Sunday, February 22, 2009


Eventually, I ran out of excuses to avoid the Saturday chores and announced to my internal colleagues that we were heading outside to repair the bricks around the flowerbeds, mow the lawn, pick up after Sally (what Bagman calls the brown Easter Egg Hunt), lay down pine straw, and clean and refill the bird feeder.

Pulling on an old sweater and work shoes, I watched Bagman grunt in disgust, escape to his room and shut the door. I expected to lose Bagman’s help since he hates yardwork, but just as I was about to go through the porch, I noticed Butler had stopped and turned back.

This worried me because I need Butler’s suggestion for efficiency. He’s the one who can map out the most efficient course for the lawnmower to take so I have the longest straights, the fewest turns, and no need to backtrack over what has already been mowed. He is the one who has worked out, over time, the most effective Sally poop-scoop which he modeled on a golfer’s technique for getting out of a sand trap, striking just behind the little round object so that it lifts up with a little backspin rather than being mashed deeper in the grass…or sand…depending on what object we are talking about.

In any case, I needed Butler. Starting back to get him, I heard his voice yelling through Bagman’s closed door, more pleading than angry.

BUTLER: “Come on, Baggie, just give it a chance for once! I know you think you hate yardwork but some people love it! If the protoplasm-we-call-Mark had you with us, he might notice things when he is outside. With your zest for passion, he would see catch the bongo beat of the woodpecker in the gum tree instead of just noticing the irritating spiny things that fall from it. He might enjoy the smell and feel of the rich soil around the flower beds and delight in patterns made by circling turkey vultures and wheeling crows. With your eye for beauty he might see the reflections of the sunlight clouds in the pond. He could live in the present and feel the edges and heft of each brick he replaces. Come out with us, Baggie, old chap. The yard can be just as creatively satisfying as any old photograph or poem!”

Then I heard the crash of some small piece of furniture as Bagman must have thrown it against the door, followed by a string of unrepeatable adjectives followed by the word “yardwork.” Then Butler turned, left Bagman to whatever fantasies he was going to indulge in behind his door, and returned to join me in the yard.

Together, Butler and I toiled all afternoon in the back yard. We picked up dog crap, slammed bricks into place in nasty dirt, sweated and complained about the cold at the same time. When my wife got home after staffing her booth at the teachers conference, she looked at yard and exclaimed, “Wow! It looks so much better!”

“Right,” I muttered. I hadn’t really noticed. It was work, it was done, and I never looked back at the results. Dragging my sore back inside to take a shower, I also did not notice the birds swooping down in graceful arcs to twitter their grateful, soprano chorus around the feeder.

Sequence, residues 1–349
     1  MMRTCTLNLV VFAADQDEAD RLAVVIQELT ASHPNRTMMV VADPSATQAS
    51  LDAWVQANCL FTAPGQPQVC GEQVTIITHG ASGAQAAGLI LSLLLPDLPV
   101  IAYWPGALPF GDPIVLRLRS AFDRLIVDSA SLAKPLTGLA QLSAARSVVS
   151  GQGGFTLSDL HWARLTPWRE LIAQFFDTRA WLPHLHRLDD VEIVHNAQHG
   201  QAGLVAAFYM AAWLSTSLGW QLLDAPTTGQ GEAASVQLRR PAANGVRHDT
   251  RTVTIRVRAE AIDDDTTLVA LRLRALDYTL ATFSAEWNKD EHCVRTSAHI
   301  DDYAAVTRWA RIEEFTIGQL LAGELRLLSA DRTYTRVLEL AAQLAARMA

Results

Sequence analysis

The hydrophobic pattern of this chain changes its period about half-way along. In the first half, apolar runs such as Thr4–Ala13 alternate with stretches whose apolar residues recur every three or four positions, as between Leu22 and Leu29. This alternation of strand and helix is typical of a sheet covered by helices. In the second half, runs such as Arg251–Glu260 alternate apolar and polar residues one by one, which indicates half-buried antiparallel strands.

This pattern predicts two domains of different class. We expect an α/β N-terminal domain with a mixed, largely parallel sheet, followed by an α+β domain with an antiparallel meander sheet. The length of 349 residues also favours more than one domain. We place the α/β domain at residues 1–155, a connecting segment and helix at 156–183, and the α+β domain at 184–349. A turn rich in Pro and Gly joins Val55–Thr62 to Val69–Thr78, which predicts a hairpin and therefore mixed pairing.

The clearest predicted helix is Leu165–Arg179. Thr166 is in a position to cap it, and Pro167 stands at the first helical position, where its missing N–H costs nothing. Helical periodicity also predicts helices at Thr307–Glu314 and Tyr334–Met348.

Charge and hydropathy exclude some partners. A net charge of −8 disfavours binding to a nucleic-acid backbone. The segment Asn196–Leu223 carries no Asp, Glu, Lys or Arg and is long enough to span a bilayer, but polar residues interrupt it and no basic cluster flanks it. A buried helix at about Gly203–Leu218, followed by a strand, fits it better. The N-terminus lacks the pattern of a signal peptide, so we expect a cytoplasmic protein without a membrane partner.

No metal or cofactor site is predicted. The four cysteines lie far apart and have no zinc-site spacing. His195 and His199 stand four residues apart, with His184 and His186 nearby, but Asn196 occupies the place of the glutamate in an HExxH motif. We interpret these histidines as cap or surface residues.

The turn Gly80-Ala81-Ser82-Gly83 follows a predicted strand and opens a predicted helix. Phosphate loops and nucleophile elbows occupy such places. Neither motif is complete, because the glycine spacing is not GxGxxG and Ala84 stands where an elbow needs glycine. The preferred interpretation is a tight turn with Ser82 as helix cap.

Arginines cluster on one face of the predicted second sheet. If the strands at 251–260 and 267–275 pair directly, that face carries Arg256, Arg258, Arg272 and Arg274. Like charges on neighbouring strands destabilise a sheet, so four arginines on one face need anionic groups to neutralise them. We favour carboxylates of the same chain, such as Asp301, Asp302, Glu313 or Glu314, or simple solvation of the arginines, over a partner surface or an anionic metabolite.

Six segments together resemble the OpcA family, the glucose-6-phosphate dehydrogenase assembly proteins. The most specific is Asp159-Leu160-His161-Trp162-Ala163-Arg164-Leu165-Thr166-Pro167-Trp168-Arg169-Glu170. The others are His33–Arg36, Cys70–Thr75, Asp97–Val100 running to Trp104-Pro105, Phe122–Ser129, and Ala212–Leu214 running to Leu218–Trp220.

1. Yardwork, I had never heard that expression before the internet ...we would always call it gardening.
    We might ...say tidying up the garden but no ..never yardwork.
    We did it yesterday. I say we because I have two gorgeous sons, one lives with me and the other (older one) lives around the corner with his girlfriend, came around to supervise the younger one doing it.
    I get to smile, dispense lemonade, it being late summer here and perhaps water the pot plants.


    I like the way you write.

  2. Perhaps Butler could come and give my lawn the once-over some time!

  3. How much do those two charge per hour?

  4. Sounds like Butler has a smidgen of the poet about him after all-- or at least can appreciate the benefit of poetry. Lovely last line.

  5. Sorry, Miles...Butler's obsessive compulsive disorder fills up his mind so much he doesn't have room for any other yards. And Bagman, of course won't work in the yard at all, except maybe if an abundance of ladies are around to massage his over-active ego.

  6. I work in a Garden Center and absolutely love working in my yard! Do you think B&B are looking for work? :)


  7. Yardwork. That reminded me of my Dad, who reminded me all the time that I had yardwork to do, growing up.

    I desperately need some of that done now. Would you still like me if I told you the leaves from the fall are still in my front yard?

  8. Good morning Mark. I'm Delwyn and I've come to you via Mr Kinder aka Dan.
    I loved your story. It rolled along like a wheel barrow, stopping here and there as it hit an uneven brick....

    I'm not familiar with your 'inner community' so will have to read further. Thankyou very much.

  9. I would rather help you with yardwork than shovel the snow out of my driveway. :) Love your stories and your unique voice. :)

  10. Thank you all for your support and for your kind offers to let Bagman and Butler come and do your yards. Butler says that he already has a full time job trying to contain Bagman. Bagman replies that he has never worked a day in his life and doensn't intend to start now.

  11. Job well done. Your backyard very much resembles my nephew's who also live in Charleston.